May 25 marked the third anniversary of the EU General Data Protection Regulation (GDPR) coming into force. In the tradition of marking such milestones, we’ve spotted some significant trends that emerged during the past year.
The first is that some clear patterns have emerged when it comes to enforcement decisions. Although the GDPR has 99 articles, the decisions from data protection authorities around Europe mainly centre on four key areas.
Lack of legal basis for processing data
The first, and by some distance the largest, of these areas is a lack of sufficient legal basis for processing. In other words, this is when an organisation doesn’t have permission to process that data. So far, authorities have imposed more than 200 fines totalling over €160 million for this infringement.
The second most common area for enforcement, albeit by some distance, is a lack of sufficient information security. With the Health Service Executive currently in the grip of a major ransomware incident, cybersecurity is a prominent issue for the public, as well as boards of directors and management.
Non-compliance with GDPR’s transparency principle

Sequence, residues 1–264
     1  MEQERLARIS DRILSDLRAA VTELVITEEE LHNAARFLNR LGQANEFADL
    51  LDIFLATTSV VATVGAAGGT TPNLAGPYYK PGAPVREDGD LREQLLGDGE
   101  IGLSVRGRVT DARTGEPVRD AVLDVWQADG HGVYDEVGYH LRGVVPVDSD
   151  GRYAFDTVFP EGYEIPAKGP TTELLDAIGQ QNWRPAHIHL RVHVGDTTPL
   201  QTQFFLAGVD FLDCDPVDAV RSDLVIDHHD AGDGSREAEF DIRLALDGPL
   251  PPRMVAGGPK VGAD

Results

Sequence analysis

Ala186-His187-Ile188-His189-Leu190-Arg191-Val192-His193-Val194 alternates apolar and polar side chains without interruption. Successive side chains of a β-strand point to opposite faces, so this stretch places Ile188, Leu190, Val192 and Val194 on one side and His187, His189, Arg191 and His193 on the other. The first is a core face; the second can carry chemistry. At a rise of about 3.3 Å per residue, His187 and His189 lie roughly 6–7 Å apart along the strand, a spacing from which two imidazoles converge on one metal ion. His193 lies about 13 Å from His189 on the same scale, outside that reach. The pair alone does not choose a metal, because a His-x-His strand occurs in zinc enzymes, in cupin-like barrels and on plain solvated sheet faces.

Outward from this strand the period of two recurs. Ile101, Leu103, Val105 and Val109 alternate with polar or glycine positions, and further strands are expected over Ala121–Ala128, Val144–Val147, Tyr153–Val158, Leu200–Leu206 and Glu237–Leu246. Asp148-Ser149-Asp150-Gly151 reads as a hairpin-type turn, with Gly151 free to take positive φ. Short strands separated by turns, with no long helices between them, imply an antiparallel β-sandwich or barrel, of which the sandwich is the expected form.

The third most common reason for enforcement decisions is a lack of transparency under the principles of GDPR. Simply put, this is where organisations don’t tell people clearly enough what data they are gathering and for what purpose.
The fourth and final source of fines is for not fulfilling the rights of data subjects, in particular the right to to have information deleted.
Enforcement is increasing at a faster pace
In 2020, there was a fundamental shift in the number and value of fines across Europe, as data from the GDPR Enforcement Tracker shows. Almost 50% of the total number of fines were issued in 2020. If last year’s trend continues, we should expect to see this number grow again in 2021.
At the same time, another development throughout last year is that organisations are appealing against decisions more than before. By kicking this back to their data protection authority, they are hoping to either reduce or possibly even remove fines.
The last trend to note is that GDPR hasn’t yet fully harmonised data protection regulations across Europe as intended. Germany, Italy, France, the UK, and Spain contributed to the majority of fines in terms of value and volume. Still, all jurisdictions increased enforcement decisions in 2020. For a summary of these trends and fines, you can look at this slide put together by our Data Protection Consultant, Tom Knierim.
GDPR is a large piece of legislation and it can be tough for SMEs and startups to navigate. But based on the developments we have covered here, it’s possible to narrow the field a little. By paying attention to what their DPA deems to be the most important parts of GDPR, judging by the fines, smaller firms and organisations can focus their compliance programmes more effectively.
In our next blog, we’ll look at the latest developments in the Schrems II case and what this means for EU-US data transfers.